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Vacationing with the in-laws

By Andrea Bonior
Andrea Bonior
Andrea Bonior (that's BONN-yer!) is a licensed clinical psychologist, professor, and writer. She completed her M.A. and Ph.D. in clinical psychology focusing on individual and group psychotherapy for young adults and specializing in the treatment of anxiety disorders and depression.

Q: Every summer we get pressure from my in-laws to spend a week at their house. Usually we spend a couple of days and it’s all we can take. This summer, my husband wants to have us spend the whole time there. He feels that our kids don’t know his parents as well as they know mine. The thought of even one hour more with them is making me crazy!

A: The obvious answer here is to compromise with just one or two extra days. But I’m guessing this issue goes deeper than that, and this trip-planning is a great opportunity to acknowledge the discrepancy between your kids’ relationships with their two sets of grandparents. Even if one set is naturally harder to spend time with (whether by geography or just grating on your last nerves), trying to bridge the gap is good for everyone. Could they visit you, or meet somewhere else that might make things easier? Can you plan activities that will help neutralize whatever is off-putting about these visits? It’s time to talk about what you want your future in-law relationships to look like.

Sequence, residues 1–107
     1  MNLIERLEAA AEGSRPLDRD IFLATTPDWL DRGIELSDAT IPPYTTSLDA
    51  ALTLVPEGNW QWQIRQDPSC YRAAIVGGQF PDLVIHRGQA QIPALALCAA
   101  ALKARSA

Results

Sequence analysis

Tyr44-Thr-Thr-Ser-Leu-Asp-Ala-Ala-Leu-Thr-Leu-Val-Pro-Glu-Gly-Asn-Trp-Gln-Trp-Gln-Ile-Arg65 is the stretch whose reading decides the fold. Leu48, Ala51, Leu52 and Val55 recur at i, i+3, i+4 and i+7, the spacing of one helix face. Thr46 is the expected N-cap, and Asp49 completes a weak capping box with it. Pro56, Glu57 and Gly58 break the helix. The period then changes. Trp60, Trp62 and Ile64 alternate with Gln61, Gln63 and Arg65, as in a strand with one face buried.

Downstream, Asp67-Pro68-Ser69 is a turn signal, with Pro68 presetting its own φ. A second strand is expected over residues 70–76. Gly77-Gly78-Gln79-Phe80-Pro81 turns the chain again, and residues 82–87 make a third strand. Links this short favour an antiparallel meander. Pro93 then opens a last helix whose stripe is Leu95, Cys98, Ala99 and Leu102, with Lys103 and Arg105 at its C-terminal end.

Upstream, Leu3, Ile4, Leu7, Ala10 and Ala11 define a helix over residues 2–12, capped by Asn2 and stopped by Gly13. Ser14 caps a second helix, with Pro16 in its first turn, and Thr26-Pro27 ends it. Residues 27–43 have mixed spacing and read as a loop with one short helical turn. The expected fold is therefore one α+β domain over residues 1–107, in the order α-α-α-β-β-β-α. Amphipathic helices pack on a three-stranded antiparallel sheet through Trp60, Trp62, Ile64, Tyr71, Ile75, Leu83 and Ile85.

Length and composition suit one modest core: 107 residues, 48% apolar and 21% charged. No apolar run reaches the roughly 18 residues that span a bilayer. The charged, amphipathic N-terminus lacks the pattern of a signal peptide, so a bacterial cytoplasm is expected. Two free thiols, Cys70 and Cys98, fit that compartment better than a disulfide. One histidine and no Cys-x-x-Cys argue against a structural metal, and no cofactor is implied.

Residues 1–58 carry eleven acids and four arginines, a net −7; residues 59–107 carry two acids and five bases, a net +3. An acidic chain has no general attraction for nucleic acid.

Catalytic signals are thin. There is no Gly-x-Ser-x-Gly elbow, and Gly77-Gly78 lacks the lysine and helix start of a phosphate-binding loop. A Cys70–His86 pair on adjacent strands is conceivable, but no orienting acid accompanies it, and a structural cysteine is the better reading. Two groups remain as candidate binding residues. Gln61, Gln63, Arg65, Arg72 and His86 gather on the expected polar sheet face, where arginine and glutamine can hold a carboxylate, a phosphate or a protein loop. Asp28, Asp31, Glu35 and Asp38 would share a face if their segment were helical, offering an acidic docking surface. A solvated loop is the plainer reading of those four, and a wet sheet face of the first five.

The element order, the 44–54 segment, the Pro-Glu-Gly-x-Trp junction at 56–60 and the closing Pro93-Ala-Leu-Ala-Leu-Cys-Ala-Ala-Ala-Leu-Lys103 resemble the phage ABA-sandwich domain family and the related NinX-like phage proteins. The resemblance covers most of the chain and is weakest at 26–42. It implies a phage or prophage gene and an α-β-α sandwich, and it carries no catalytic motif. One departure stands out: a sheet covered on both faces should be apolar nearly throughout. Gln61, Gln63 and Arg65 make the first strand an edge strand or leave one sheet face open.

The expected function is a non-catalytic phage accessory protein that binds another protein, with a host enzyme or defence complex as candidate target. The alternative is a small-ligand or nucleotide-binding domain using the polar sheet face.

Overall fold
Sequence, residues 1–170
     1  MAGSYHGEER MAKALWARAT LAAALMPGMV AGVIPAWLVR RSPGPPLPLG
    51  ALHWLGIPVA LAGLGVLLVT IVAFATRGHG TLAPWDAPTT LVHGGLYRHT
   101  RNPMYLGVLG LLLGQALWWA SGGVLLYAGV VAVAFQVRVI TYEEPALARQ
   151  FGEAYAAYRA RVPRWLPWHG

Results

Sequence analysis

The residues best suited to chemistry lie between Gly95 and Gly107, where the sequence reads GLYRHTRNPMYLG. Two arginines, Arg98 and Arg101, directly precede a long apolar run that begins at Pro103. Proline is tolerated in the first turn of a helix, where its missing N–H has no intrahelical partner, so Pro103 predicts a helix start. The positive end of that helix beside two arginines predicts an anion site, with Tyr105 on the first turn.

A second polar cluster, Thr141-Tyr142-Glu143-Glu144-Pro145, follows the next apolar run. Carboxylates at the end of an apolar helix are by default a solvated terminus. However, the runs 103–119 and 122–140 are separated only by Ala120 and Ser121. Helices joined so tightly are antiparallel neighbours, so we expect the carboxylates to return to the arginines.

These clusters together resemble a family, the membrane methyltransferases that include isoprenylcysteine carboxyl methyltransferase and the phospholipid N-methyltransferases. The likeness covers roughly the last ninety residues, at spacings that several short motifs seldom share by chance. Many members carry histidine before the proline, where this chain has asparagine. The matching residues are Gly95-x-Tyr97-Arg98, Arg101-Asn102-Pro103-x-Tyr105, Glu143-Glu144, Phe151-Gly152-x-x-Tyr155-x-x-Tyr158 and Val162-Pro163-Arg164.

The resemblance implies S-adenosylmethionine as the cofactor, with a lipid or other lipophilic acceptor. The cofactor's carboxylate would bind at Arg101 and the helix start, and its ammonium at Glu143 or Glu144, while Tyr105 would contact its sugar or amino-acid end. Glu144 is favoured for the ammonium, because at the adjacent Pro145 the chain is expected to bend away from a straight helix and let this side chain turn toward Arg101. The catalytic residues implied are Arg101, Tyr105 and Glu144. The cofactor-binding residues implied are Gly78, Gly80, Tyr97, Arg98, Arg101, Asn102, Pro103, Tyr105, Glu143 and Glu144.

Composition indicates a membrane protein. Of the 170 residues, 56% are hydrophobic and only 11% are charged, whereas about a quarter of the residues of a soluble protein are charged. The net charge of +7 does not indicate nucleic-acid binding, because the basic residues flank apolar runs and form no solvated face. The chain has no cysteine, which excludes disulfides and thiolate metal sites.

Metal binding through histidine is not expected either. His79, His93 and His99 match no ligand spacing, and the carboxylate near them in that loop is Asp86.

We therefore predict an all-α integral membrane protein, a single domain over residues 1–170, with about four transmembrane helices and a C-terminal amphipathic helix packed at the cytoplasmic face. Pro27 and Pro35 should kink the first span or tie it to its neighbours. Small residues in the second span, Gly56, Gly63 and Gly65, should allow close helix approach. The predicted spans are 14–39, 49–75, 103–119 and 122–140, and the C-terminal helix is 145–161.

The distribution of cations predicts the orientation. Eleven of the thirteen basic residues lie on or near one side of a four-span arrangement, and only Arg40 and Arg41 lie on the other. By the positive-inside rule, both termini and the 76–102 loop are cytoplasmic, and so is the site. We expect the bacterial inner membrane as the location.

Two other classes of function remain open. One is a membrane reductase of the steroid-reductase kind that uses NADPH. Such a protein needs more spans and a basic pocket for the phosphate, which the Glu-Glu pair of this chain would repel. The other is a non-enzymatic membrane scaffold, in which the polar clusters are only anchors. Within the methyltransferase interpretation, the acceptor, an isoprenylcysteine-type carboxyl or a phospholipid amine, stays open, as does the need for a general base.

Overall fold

Q: I work with a woman who used to date my boyfriend, and I think she’s constantly trying to sabotage me. I have confronted her several times and told her to keep her distance. She doesn’t. I constantly hear her whispering about me, trying to turn the rest of the staff against me. How do I make her back off?

A: If her behavior is truly sabotage, then you need to document everything she’s done and talk to a supervisor. But I can’t help but wonder whether there’s some understandable extra sensitivity here on your part due to this complicated situation. Are there other times you’ve felt this way about women connected to your boyfriend? Is it common for you to feel harassed by people? Protect yourself, but give some thought to your underlying emotions that might be making this worse for you.

Andrea Bonior is a psychologist and author of “The Friendship Fix.”
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